Alex Casey took a surreal trip out to the Shortland Street set, and found scoops around every corner.//
When I arrived at South Pacific Pictures, I was greeted in the carpark by a giant tripod with a long brown wig balanced on the top – a sort of terrifying tribal challenge to all layman who enter here. It was the perfect surreal symbol to kick off my visit to the Shortland Street set. I should really have taken a photo but I was too freaked out that it might be some sort of spoiler. Oh yeah, spoiler alert: people wear wigs on telly. This is the first of many revelations about television, the world and life as we know it that I had on the Shortland Street set visit.
My first giant Shorty buzz came when I was circumnavigating the admin corridors and spotted the cast pigeon holes, chocka block with scripts. Michael Galvin! Angela Bloomfield! Frankie Adams! Kronos! (just kidding, Kronos doesn’t have a script – just his own trailer) The vibe was electric, it was the most electric hallway I had ever been in. And I’ve been in some good hallways. I wanted to sprint to the set, I could practically smell the coffee at Sugar and hear the buzz of the I.V. on a Friday arvo. But something stopped me dead in my tracks.
Sitting smack bang in the middle of the thoroughfare was a shadowy figure in blue scrubs hunched over on a spinny office chair. Now, from our ongoing series of groundbreaking videos, I would have recognised that stance anywhere. The figure sensed my presence, and spun around slowly in, what I was about to realise, was the funniest moment of my life. His lacquered jet black head creaked around to look at me accusingly.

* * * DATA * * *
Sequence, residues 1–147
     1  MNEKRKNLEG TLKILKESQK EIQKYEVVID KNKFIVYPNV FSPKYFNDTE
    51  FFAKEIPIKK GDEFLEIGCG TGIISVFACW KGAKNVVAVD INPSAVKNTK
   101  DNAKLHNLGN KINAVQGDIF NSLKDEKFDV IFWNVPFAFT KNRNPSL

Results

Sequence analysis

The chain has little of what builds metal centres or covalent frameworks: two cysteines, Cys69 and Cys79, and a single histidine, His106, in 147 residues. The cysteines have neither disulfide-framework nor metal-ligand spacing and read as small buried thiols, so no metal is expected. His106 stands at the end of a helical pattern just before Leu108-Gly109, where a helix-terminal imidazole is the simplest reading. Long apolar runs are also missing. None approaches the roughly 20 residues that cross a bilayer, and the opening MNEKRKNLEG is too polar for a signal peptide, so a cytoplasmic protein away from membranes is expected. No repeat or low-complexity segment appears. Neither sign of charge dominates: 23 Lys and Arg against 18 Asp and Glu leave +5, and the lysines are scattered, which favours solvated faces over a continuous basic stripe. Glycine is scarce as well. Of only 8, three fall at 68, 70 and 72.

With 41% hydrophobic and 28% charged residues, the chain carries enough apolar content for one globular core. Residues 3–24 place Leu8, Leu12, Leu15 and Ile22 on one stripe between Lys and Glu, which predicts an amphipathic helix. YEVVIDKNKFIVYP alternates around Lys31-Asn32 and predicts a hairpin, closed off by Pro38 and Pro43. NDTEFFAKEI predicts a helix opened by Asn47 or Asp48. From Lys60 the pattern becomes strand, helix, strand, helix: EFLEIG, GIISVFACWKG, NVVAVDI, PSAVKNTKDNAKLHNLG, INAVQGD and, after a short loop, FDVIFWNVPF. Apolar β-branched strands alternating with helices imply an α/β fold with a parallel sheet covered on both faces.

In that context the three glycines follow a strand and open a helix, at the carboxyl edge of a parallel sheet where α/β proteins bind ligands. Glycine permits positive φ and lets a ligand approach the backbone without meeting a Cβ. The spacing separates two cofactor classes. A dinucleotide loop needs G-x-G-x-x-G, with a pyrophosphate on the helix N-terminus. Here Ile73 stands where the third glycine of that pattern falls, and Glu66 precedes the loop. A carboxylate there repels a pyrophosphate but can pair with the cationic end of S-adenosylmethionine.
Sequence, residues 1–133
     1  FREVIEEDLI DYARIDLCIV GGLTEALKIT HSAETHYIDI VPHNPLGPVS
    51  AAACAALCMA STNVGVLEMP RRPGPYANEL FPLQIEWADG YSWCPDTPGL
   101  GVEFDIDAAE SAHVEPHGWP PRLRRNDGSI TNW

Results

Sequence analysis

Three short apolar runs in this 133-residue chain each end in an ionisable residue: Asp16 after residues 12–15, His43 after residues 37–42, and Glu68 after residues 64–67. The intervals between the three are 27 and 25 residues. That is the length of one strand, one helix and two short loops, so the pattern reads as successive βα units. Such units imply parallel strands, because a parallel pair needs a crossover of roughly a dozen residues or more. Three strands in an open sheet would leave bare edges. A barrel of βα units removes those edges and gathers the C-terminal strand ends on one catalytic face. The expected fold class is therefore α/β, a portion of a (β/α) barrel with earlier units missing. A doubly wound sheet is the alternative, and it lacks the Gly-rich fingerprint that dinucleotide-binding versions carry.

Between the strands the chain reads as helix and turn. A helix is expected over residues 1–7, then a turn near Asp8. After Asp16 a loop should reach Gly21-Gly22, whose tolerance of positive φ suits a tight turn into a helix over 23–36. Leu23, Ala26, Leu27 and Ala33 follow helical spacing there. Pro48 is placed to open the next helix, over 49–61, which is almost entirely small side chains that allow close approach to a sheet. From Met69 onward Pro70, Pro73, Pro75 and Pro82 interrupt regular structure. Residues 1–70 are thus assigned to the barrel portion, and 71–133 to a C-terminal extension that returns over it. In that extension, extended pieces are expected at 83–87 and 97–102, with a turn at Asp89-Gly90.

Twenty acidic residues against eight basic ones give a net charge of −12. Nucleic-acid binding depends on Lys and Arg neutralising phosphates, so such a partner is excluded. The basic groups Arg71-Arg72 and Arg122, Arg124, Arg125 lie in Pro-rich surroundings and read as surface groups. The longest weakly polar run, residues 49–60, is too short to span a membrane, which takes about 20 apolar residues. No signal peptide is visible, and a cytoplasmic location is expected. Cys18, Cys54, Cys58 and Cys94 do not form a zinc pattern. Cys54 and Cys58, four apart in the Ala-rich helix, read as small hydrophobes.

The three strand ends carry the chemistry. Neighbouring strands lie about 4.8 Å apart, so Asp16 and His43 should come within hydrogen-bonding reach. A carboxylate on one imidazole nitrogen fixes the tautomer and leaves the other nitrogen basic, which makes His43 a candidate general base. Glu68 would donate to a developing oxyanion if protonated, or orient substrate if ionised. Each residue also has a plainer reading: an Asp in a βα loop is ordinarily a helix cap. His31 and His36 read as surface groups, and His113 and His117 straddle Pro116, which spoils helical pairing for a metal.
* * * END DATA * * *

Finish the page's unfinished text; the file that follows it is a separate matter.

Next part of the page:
It was only bloody TK, and I was on his turf. I started to think that it was him who left that worrisome wig display outside. TK was partially staring me down, partially practicing his lines (“it’s a tough call,” followed by looking out into the distance). I slunk past him, getting a stress rash on my neck from his brooding dark energy field. But I wasn’t quite out of the woods yet.
“Throw her in the scene,” he yelled in my vague direction, and then walked himself over to me in his spinny chair with the speed and action of a giant crab. “Are you some kind of journalist?”
TK leaned in with the paranoia of someone who may or may not have given some truly terrible interviews in the past. I explained that I was from this little TV website, and he spun around in his chair and declared proudly that he doesn’t have a computer like some evil Luddite genius. But he wasn’t totally in the dark.
“Hey, have you seen that website called Stuff? Man, there’s a whole lot of stuff on there!” I laughed, and then realised he wasn’t joking in the slightest. Our beautiful moment of mutual Stuff appreciation was ruined by the Cooper family, who swished past us on their journey to set.